Goal-Oriented Crew Has Led Transformation of Expectations For British Swimming

adam peaty, tokyo olympics, mixed 400 medley relay, mixed medley relay
Photo Courtesy: Robert Hanashiro/USA Today Sports

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Goal-Oriented Crew Has Led Transformation of Expectations For British Swimming

When the British men’s 4×100 medley relay won silver in the final event of the pool program at the Olympic Games, it ensured Team GB left Tokyo with a record Olympic haul of eight medals and third in the medal table.

There were four golds, three silvers and one bronze. One world record. A one-two. And Duncan Scott became the most decorated British Olympian in any sport at a single Games with four medals.

However, the air hung heavy with the word “disappointed” and that after a European record of 3:27.51 as the United States won in a world record 3:26.78.

Adam Peaty said: “I’m a little disappointed with that because we set our expectations so high, the culture within British Swimming is (all about) striving.”

Luke Greenbank – who led off the quartet – mused with a smile: “I can’t believe I’m saying this but we were a little bit disappointed with an Olympic silver medal which sounds ridiculous but it just shows how much faith we have in this team and I think we’re going to come back stronger.”

James Guy too. “Getting this silver did hurt quite a bit – we did want the gold  – but I think that hunger is still there now for three years’ time in Paris.”

Peaty’s comments explain perfectly the attitude that runs through the team.

Where once some would be happy to have booked their slot on the squad, now it is all about the podium and a constant quest for improvement.

GB Roll-Call

GOLD

Tom Dean (200 free)

Adam Peaty (100 breaststroke)

Men’s 4×200 freestyle (Dean, Guy, Richards, Scott)

Mixed 4×100 medley relay (Dawson, Peaty, Guy, Hopkin/Anderson)

SILVER

Duncan Scott (200 free & 200IM)

Men’s 4×100 medley relay (Greenbank, Peaty/Wilby, Guy, Scott)

BRONZE

Luke Greenbank (200 backstroke)

It exceeded their haul of six at Rio 2016 although there Jazz Carlin and Siobhan O’Connor won three silver medals between them.

In Tokyo, there were no individual medals for women with Abbie Wood the closest to the podium with fourth in the 200IM, locked out by 0.11.

The women’s 4×100 free squad was fifth with Molly Renshaw and Kathleen Dawson sixth in the 200 breaststroke and 100 backstroke respectively.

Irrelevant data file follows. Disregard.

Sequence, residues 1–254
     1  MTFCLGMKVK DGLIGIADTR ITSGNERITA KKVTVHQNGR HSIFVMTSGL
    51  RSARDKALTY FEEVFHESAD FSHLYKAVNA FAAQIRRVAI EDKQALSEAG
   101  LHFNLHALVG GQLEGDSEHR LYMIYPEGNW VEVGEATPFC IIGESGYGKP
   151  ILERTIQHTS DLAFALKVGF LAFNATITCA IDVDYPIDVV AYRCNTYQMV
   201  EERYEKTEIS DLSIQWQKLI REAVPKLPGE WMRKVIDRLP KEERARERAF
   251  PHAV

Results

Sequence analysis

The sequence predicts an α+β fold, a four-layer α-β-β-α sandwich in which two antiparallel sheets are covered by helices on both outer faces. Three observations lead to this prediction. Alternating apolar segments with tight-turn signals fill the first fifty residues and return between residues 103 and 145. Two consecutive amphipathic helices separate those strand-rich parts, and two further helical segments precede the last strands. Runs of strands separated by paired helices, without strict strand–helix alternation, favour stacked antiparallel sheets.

Anna Hopkin though broke the British 100 free record, lowering Fran Halsall‘s 2009 mark to 52.75 and was seventh in the final, thriving under the expertise of Mel Marshall at the Loughborough National Centre.

Alongside Hopkin in those Loughborough waters are Peaty and Greenbank while Dave McNulty continued his fine Olympic record at the Bath National Centre.

Dean – who led home Scott in the 200 free one-two – and Guy are training partners under McNulty with Calum Jarvis and Freya Anderson also receiving medals after swimming heats in their respective medal-winning relays.

Scott – who won a gold and three silvers – is coached by Steven Tigg at Stirling.

It’s a far cry from the 2013 World Championships in Barcelona when the team came away with one medal courtesy of Halsall in the 50 free.

It’s untrue though to say the landscape into which head coach Bill Furniss and national performance director Chris Spice walked was barren.

Guy made his senior debut with fifth in the 400 free in Barcelona with the team also featuring Tokyo swimmers Ben Proud, Ross Murdoch and Aimee Willmott.

O’Connor and Carlin also competed as did 2012 silver medallist Michael Jamieson and Chris Walker-Hebborn, who led off the medley relay to world titles and 2016 Olympic silver – all four at some point under the tutelage of McNulty.

Renshaw had already made her GB debut at the 2011 World Championships while Hannah Miley had competed in two Olympics by that point with British stalwart Georgia Davies also in the Catalan city.

It is fair to say though that the mentality has changed. The selection policies ensure it’s tough to get on to the team and once there the hard work is just starting.

Eight years ago on 31 July 2013, Peaty went inside a minute for the 100 breaststroke for the first time after narrowly missing the team for Tokyo.

Twelve months on and he won his first senior international title at the 2014 Commonwealth Games in Glasgow.

“It has been a colossal journey,” he said. “I have broken a world record every single year since (my debut).

“It just shows the amount of time, the amount of races, the amount of investment you’ve got to put into the sport. It doesn’t come easy.”
That winning mentality that saw him become the first British swimmer to retain an Olympic title came to the fore when talking of the medley relay.
“We knew we could probably get silver with great racing – we did that, we did great races – but we are always aiming for gold so we are not just looking to make finals like we were eight, 10 years ago – we are looking at how we can dominate those finals.
“So we’ll go back to the drawing board – it’s a little bit painful that is – but theres no point in having that pain now, we are going to put it to rest.”

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